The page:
A team of scientists at the University of California, Berkeley, Innovative Genomics Institute, Illumina, Inc., and Stanford University has performed a genomic sequencing of severe acute respiratory syndrome coronavirus 2 (SARS-CoV-2) collected from sewage in the San Francisco Bay Area. The study findings indicate that the genotypes detected in the sewage are identical to the genotypes detected in clinical samples obtained from that region. The study is currently available on the medRxiv* preprint server.
Genomic sequencing of SARS-CoV-2 RNA is an important approach for determining viral evolution and transmission dynamics. At the initial period of the coronavirus disease 2019 (COVID-19) pandemic in the United States, the whole genome sequencing data of SARS-CoV-2 has revealed that there are multiple viral introduction events in the New York City and California. Also, the frequency of community transmission is higher for a particular type of viral genotype after its first introduction in Washington state. Moreover, distinct SARS-CoV-2 strains have been identified in a single neighborhood in San Francisco.
Given the presence of SARS-CoV-2 RNA in human feces, estimation of the viral abundance in many municipal regions has been undertaken through quantitative reverse transcriptase-polymerase chain reaction (RT-qPCR)-based wastewater sequencing.
Characterized viruses detected in enriched and unenriched wastewater metatranscriptomes. Relative abundances of viruses with eukaryotic hosts in the RefSeq database as a percentage of total sequencing reads derived from the sample in ( a) amicon ultrafiltration (viral fractionation) and ( b) total RNA column and milk of silica samples. All samples were enriched with the Illumina Respiratory Virus Panel. ( c) Relative abundances of RefSeq viruses in unenriched metatranscriptomics (left) and the same samples after oligo-enrichment with the Illumina Respiratory Virus Panel. (d) The relationship between the quantity of viral genome copies in 40 μL of purified RNA and SARS-CoV-2 genome completeness (measured in breadth of coverage) for each sample. Samples are colored by extraction methodology, and the size of the point corresponds to the mean SARS-CoV-2 depth of coverage.
Current study design
To identify viral abundance and genotype prevalence in various regions in the San Francisco Bay Area, the current study performed genomic sequencing of SARS-CoV-2 RNA isolated directly from wastewater. The scientists extracted viral concentrates and total RNA from composite samples of raw sewage collected between May 2020 and July 2020.
They utilized metagenomic sequencing approaches to detect viral abundance and single nucleotide variants, and the results revealed that SARS-CoV-2 was present at varying abundances (0% - 14%) in study samples.
Besides SARS-CoV-2, other human and plant viruses were identified in wastewater samples, including human bocaviruses, picorna-like viruses, cucumber green mottle mosaic virus, and pepper mild mottle virus.
In about 31% of samples, the scientists were able to obtain complete consensus SARS-CoV-2 genomes (covered length >99%). About 4 base pair differences were observed between consensus genomes obtained from Alameda County and Marin county. This indicates that consensus genomes may represent the predominant lineages of SARS-CoV-2 in the study population during summer season of 2020.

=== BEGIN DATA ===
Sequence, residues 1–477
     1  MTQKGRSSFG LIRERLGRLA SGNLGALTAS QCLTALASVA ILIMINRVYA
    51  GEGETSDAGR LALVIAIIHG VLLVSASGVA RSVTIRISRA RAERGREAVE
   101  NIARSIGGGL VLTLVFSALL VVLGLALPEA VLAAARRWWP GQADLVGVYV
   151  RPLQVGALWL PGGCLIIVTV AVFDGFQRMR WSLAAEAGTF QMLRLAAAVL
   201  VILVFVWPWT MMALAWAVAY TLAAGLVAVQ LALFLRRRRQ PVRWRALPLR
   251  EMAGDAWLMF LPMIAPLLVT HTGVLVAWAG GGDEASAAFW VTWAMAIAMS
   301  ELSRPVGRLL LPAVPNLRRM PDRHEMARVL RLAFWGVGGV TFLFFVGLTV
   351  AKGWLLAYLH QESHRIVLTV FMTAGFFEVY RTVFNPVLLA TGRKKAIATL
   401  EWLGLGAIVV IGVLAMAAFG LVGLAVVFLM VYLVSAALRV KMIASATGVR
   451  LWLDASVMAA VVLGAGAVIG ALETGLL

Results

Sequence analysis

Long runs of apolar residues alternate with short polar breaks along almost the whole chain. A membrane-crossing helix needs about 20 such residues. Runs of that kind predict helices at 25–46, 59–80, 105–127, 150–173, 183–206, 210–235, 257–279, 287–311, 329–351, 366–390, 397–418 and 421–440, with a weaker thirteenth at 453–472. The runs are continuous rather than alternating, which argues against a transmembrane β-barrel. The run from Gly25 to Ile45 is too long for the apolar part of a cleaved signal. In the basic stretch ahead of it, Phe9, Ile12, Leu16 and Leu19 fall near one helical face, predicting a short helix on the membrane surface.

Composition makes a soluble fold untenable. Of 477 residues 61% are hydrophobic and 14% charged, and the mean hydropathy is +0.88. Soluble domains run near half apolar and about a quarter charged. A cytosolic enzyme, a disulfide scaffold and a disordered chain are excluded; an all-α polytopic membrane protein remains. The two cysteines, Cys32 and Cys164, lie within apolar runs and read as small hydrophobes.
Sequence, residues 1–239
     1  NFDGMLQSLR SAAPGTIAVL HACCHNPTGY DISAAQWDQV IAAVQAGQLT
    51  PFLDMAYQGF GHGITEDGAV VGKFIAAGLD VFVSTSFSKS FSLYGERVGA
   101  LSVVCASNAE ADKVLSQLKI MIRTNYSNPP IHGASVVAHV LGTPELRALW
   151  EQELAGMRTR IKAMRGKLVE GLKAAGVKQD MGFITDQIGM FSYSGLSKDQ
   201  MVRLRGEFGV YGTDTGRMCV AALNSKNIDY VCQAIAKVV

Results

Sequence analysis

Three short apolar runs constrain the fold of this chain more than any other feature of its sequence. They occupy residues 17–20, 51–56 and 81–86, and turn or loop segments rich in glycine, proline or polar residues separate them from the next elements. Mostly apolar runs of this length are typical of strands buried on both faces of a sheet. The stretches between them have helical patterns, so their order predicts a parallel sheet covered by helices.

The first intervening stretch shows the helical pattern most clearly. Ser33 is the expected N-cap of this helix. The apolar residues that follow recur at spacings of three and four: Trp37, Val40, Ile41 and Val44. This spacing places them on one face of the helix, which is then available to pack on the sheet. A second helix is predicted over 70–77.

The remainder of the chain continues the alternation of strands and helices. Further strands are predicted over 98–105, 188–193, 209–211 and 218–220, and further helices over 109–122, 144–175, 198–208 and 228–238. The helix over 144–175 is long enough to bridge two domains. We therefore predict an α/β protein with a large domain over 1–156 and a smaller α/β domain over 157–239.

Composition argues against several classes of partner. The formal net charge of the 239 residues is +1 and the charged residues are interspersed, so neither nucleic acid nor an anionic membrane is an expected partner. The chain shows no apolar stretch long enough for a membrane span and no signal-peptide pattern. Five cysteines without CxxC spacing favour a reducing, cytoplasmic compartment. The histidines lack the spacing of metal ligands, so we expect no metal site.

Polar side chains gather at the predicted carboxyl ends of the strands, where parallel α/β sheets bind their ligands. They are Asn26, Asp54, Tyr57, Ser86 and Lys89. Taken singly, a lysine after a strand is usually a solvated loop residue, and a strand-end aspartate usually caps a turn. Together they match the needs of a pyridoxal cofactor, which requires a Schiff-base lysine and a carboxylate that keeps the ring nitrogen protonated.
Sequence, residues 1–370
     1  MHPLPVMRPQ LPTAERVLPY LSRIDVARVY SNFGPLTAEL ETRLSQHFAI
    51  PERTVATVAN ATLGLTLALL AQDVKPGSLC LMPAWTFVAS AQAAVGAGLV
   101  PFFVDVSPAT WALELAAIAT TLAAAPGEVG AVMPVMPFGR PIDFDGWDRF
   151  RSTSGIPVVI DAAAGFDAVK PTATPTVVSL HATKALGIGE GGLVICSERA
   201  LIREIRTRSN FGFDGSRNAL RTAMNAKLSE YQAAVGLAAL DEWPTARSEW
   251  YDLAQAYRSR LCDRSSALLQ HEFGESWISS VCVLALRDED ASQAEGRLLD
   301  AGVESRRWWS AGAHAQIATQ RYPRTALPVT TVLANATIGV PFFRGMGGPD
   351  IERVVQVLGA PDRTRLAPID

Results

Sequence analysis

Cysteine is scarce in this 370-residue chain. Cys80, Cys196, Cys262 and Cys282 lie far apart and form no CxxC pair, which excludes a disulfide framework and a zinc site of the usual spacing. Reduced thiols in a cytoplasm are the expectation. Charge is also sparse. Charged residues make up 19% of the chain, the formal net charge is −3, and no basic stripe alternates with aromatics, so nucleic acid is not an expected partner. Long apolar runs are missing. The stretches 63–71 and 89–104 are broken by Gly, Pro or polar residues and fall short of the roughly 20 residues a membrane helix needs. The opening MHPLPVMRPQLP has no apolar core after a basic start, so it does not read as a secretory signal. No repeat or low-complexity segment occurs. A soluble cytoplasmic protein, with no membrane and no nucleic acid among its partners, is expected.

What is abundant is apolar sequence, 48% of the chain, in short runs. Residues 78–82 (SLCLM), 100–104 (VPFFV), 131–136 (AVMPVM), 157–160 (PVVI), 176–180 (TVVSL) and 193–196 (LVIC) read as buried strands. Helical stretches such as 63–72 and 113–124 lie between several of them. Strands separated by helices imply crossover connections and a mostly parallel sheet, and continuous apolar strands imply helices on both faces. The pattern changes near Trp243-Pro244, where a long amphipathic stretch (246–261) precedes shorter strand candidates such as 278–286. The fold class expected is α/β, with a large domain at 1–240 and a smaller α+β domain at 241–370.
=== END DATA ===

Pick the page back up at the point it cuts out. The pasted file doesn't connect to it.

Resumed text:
To identify alternative viral genotypes, the scientists utilized a pipeline for metagenomic single nucleotide variant calling and identified different genomic variants of SARS-CoV-2 in each wastewater sample. These variants were identical to those obtained from clinical patient samples. About 50%, 61%, and 71% of variants detected in wastewater samples were also detected in clinical viral genomes obtained from California, the United States, as well as those collected worldwide, respectively. This indicates that the actual genomic variation of SARS-CoV-2 in a given population can be summarized from wastewater viral genome sequencing data.
The scientists also used a hypergeometric test to analyze the probability of overlap by chance between wastewater genomic variants and clinical genomic variants in a given region. They observed that the probability of non-random overlap was highest in Alameda county.
Interestingly, the scientists observed that besides genomic variants of SARS-CoV-2 that were identical in both wastewater and clinical patient samples, there were four recurrent variants in wastewater samples that were not detected clinically in California. However, these variants are previously identified in other regions in the United States and seem to have arrived in those regions only in July 2020. This indicates that these variants may be detected clinically in California in the future.
The current study reveals that different genotypes of SARS-CoV-2 strains can be identified in wastewater samples. Wastewater sequencing can even reveal genetic variants that are still undetected in clinical patient samples.
Because the wastewater sequencing method does not depend on specific polymerase chain reaction primers, the failure of detecting viral strains with mutations can be avoided. Moreover, this approach can provide important information about viral distribution within a given population, as well as can reveal recent entry of different SARS-CoV-2 genotypes in a given region.
medRxiv publishes preliminary scientific reports that are not peer-reviewed and, therefore, should not be regarded as conclusive, guide clinical practice/health-related behavior, or treated as established information.